Prescription for White Sox success: win in your damn division | Bleader

Prescription for White Sox success: win in your damn division

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Adam Dunn: Theres nothing to smile about until you start beating your division rivals consistently.
  • Paul Boucher
  • Adam Dunn: There's nothing to smile about until you start beating your division rivals consistently.
If the White Sox are looking for a cure to what ails them, they shouldn't wait for a return to form from Adam Dunn, Alex Rios, Gordon Beckham, and Jake Peavy. No, it's much simpler than that:

Win games against your goddamn division rivals.

It couldn't be more plain. In years when the Sox excelled, such as 2005 and 2008, they beat up on their division rivals. Last season, by contrast, they were 32-40 against the American League Central. They were 5-13 against the eventual division champs in Detroit, but a woeful 7-11 against sub-.500 Kansas City. They played the Twinkies even at 9-9, and dominated only basement-dwelling Cleveland at 11-7.

The Sox offered a painful reminder of this when they won both openers of their last two home series against Kansas City and Detroit, only to crap the bed in the rest of the games. They shut out the Royals 5-0 in their first game of the season against them Friday night, only to lose the next two the rest of the weekend. Likewise, they beat the Tigers 7-5 on Monday, only to blow a 6-0 lead Tuesday afternoon as they fell 10-8 to even their season series at four apiece.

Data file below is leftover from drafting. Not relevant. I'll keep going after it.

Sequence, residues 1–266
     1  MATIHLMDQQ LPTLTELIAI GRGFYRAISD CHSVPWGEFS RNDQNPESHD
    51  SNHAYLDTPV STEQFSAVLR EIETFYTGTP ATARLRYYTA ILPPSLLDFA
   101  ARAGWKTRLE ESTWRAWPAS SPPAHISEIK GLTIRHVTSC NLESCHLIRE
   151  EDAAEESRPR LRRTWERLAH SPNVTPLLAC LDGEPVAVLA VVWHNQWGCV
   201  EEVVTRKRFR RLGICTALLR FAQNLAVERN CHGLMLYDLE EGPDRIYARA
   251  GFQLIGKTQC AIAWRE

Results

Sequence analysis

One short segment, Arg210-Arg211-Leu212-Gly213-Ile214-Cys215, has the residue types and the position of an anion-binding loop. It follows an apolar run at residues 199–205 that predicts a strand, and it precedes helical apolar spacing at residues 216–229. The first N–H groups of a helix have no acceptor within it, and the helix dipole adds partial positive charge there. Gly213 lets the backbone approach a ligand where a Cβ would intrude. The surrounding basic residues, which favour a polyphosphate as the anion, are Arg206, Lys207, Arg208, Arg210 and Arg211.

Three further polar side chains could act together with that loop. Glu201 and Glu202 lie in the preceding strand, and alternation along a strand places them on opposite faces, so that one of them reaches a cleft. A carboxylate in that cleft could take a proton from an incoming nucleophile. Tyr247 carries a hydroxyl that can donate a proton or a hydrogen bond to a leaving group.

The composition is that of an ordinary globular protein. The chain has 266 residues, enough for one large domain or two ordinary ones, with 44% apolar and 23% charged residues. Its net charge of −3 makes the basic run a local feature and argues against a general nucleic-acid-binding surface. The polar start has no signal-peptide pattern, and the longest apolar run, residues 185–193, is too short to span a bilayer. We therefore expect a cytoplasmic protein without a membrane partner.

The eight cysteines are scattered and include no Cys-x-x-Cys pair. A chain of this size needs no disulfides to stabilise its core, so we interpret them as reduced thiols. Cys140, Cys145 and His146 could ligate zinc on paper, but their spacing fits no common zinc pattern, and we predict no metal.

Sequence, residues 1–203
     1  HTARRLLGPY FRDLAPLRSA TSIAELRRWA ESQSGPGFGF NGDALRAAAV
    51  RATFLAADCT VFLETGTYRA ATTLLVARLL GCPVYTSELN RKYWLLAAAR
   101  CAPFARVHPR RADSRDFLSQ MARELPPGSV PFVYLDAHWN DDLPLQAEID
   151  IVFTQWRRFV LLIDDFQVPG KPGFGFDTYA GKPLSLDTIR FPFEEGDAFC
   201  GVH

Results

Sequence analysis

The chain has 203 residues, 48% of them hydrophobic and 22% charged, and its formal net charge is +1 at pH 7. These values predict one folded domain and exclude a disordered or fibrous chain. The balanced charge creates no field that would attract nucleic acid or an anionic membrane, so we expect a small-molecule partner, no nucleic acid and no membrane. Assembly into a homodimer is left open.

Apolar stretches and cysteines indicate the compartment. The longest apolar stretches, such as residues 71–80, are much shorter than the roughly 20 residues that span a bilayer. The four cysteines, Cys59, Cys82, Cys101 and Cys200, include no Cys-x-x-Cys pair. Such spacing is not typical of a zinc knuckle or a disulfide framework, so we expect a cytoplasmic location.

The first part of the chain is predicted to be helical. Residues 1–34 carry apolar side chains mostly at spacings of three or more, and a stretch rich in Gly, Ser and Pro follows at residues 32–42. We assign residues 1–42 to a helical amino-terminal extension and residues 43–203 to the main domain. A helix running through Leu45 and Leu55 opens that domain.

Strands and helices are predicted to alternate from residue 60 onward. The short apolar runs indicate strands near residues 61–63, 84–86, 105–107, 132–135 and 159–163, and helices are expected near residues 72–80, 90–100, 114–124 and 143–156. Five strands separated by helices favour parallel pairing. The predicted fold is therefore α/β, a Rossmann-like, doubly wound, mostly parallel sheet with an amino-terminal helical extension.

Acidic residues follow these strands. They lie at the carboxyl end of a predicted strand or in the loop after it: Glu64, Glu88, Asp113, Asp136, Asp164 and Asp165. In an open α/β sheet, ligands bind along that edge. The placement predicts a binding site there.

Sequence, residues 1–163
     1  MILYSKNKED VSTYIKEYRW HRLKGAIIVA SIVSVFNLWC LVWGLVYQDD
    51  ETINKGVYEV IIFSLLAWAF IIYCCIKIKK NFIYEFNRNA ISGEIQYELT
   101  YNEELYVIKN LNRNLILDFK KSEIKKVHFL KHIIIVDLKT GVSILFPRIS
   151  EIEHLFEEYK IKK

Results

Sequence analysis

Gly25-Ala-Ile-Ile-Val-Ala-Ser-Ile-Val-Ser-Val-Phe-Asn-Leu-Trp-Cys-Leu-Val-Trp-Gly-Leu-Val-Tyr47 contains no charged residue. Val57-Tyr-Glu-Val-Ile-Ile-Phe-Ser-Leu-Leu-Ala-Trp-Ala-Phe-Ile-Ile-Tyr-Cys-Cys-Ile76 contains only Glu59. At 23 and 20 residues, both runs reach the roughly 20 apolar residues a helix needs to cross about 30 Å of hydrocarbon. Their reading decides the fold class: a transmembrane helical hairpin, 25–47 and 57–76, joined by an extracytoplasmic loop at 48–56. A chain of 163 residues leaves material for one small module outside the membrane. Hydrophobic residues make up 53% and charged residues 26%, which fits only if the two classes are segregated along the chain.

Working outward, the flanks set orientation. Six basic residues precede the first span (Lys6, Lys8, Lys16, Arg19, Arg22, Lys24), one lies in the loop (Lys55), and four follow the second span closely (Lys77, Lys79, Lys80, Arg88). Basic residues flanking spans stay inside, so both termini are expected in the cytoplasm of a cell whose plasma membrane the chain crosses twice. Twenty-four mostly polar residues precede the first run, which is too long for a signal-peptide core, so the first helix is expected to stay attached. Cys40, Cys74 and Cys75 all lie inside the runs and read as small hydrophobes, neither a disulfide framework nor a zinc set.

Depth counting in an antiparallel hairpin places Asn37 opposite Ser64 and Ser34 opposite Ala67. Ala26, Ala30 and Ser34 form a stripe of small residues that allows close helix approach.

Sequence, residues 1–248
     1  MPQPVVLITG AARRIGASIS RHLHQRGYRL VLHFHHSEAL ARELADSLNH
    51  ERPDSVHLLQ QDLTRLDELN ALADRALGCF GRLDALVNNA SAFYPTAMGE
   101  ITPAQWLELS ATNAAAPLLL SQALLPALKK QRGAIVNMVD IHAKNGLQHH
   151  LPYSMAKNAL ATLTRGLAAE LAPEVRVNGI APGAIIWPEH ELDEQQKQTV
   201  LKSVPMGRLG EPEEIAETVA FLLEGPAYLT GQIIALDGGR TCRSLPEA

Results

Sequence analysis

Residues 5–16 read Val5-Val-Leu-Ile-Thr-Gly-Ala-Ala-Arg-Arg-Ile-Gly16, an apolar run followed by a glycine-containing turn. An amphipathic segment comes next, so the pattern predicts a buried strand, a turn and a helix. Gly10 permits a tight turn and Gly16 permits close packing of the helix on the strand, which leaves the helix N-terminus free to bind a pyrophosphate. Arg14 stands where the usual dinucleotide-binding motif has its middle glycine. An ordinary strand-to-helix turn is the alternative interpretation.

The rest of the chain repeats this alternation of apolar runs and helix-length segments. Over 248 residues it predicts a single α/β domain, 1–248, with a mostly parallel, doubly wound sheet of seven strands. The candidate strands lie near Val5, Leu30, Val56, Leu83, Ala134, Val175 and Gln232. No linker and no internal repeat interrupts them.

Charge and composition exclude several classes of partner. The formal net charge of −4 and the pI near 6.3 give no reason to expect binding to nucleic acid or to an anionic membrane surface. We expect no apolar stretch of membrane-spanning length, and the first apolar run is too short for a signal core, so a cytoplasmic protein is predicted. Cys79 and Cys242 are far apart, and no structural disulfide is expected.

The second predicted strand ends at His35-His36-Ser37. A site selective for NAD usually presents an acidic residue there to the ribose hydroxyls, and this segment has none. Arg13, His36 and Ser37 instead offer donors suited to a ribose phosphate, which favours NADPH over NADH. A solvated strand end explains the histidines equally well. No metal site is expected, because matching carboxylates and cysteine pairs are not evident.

They started the month doing the same against the Indians, who've gone from worst to first, as the Sox won the first game at home and then lost the next two, although they salvaged the last couple of games on an ensuing road trip to Cleveland to leave them up in the season series 5-4 thus far. They have yet to play Minnesota.

So, sure, they're interrelated, but rather than wait for last season's underachievers to trigger their revival, the Sox would be better off simply taking care of business against their own division. After all, with the surprising Baltimore Orioles and the Tampa Bay Rays out in front of the New York Yankees in the East—and all well above .500—it's not as if the White Sox should be expecting a wild-card slot to open up for them in the fall.

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